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What years in soldiers captains do require,
Those in their lovers pretty maids desire.

Both of them watch: each on the hard earth sleeps:
His mistress' doors this; that his captain's keeps.
Soldiers must travel far: the wench forth send,
Her valiant lover follows without end.
Mounts, and rain-doubled floods he passeth over,
And treads the desert snowy heaps do cover.
Going to sea, east winds he doth not chide,
Nor to hoist sail attends full time and tide.

Who but a soldier or a lover is bold,

To suffer storm-mix'd snows with night's sharp cold? One as a spy doth to his enemies go,

The other eyes his rival as his foe.

He cities great, this thresholds lies before:

This breaks town gates, but he his mistress' door.
Oft to invade the sleeping foe 'tis good,
And arm'd to shed unarmed peoples blood.
So the fierce troops of Thracian Rhesus fell,
And captive horses bade their lord farewell.
Sooth lovers watch till sleep the husband charms,
Who slumbering, they rise up in swelling arms.
The keepers hands and corps-du-gard to pass,
The soldiers, and poor lovers work ere was.
Doubtful is war and love, the vanquish'd rise,
And who thou never think'st should fall down lies.
Therefore whoe'er love slothfulness doth call,
Let him surcease: love tries wit best of all.
Achilles burn'd, Briseis being ta'en away,

Trojans destroy the Greek wealth, while you may.

Hector to arms went from his wive's embraces,
And on Andromache his helmet laces.

Great Agamemnon was, men say amazed,

On Priam's loose-trest daughter when he gazed.
Mars in the deed the blacksmith's net did stable,
In heaven was never more notorious fable.
Myself was dull and faint, to sloth inclin'd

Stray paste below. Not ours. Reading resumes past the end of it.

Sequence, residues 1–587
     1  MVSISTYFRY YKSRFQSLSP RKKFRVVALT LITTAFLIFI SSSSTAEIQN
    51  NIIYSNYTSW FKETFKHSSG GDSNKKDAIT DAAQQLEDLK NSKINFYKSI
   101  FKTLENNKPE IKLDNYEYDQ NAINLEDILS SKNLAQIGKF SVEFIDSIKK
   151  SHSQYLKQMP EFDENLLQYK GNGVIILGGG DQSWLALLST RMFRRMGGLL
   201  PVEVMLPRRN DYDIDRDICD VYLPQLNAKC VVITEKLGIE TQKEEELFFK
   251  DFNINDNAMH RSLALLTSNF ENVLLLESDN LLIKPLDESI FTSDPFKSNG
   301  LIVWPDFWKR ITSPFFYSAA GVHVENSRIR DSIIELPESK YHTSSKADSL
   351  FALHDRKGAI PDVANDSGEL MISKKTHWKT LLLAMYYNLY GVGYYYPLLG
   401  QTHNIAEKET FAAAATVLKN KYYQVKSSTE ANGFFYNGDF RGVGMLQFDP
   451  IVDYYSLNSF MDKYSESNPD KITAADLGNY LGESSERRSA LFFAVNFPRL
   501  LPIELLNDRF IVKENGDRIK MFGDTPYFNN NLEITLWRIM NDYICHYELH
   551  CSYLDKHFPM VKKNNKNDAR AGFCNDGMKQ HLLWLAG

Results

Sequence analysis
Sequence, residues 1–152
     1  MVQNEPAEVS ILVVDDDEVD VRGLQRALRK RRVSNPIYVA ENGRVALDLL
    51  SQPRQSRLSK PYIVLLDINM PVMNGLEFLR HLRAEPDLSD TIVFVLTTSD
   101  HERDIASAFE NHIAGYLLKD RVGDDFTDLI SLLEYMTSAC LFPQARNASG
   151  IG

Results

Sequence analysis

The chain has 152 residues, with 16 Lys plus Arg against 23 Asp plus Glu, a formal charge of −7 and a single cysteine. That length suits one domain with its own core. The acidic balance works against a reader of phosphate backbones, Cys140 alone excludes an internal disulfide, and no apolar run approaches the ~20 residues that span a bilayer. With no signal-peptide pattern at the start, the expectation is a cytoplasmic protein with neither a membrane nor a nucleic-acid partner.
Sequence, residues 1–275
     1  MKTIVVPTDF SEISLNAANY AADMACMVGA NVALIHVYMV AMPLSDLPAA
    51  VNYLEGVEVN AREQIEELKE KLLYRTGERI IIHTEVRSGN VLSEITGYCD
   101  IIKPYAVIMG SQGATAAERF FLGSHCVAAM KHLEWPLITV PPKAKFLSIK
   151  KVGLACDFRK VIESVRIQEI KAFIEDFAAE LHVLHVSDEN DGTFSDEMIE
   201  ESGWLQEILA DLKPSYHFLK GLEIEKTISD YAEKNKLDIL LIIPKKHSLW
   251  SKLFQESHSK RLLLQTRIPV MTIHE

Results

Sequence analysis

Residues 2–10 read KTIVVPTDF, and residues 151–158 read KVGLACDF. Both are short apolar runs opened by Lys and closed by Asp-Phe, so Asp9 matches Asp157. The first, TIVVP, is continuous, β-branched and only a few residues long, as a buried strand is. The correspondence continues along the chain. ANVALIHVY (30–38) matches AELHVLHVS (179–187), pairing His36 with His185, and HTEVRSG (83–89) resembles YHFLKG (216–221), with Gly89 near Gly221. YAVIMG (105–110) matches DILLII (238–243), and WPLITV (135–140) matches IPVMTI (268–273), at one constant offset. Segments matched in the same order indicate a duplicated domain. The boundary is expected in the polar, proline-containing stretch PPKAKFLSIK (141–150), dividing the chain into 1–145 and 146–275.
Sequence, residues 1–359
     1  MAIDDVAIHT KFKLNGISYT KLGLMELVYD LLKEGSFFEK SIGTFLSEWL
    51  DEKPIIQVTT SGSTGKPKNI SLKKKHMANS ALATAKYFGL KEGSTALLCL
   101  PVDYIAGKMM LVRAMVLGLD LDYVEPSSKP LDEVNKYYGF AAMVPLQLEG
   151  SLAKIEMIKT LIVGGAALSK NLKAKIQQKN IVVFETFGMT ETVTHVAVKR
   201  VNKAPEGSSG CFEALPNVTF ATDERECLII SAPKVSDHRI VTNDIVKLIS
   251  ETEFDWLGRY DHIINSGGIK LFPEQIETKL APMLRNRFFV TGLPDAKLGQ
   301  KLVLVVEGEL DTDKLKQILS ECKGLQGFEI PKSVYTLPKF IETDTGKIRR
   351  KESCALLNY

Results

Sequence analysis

Pleasure, and ease had mollified my mind.
A fair maid's care expell'd this sluggishness,
And to her tents will'd me myself address.
Since may'st thou see me watch and night-wars move:
He that will not grow slothful let him love.


Ad puellam, ne pro amore præmia poscat. SUCH as the cause was of two husbands' war, Whom Trojan ships fetch'd from Eurota far. Such as was Leda, whom the god deluded In snow-white plumes of a false swan included. Such as Amimone through the dry fields strayed, When on her head a water pitcher layed. Such wert thou, and I fear'd the bull and eagle, And whate'er Love made Jove should thee inveigle. Now all fear with my mind's hot love abates: No more this beauty mine eyes captivates. Ask'st why I change? because thou crav'st reward; This cause hath thee from pleasing me debar'd. While thou wert plain I lov'd thy mind and face: Now inward faults thy outward form disgrace.

Love is a naked boy, his years sans stain,
And hath no cloths, but open doth remain.
Will you for gain have Cupid sell himself?
He hath no bosom, where to hide base pelf.
Love and Love's son are with fierce arms at odds;
To serve for pay beseems not wanton gods.
The whore stands to be bought for each man's money,
And seeks vile wealth by selling of her cunny.
Yet greedy bawds command she curseth still,
And doth constrain, what you do of good will.
Take from irrational beasts a president,

"Tis shame their wits should be more excellent.
The mare asks not the horse, the cow the bull,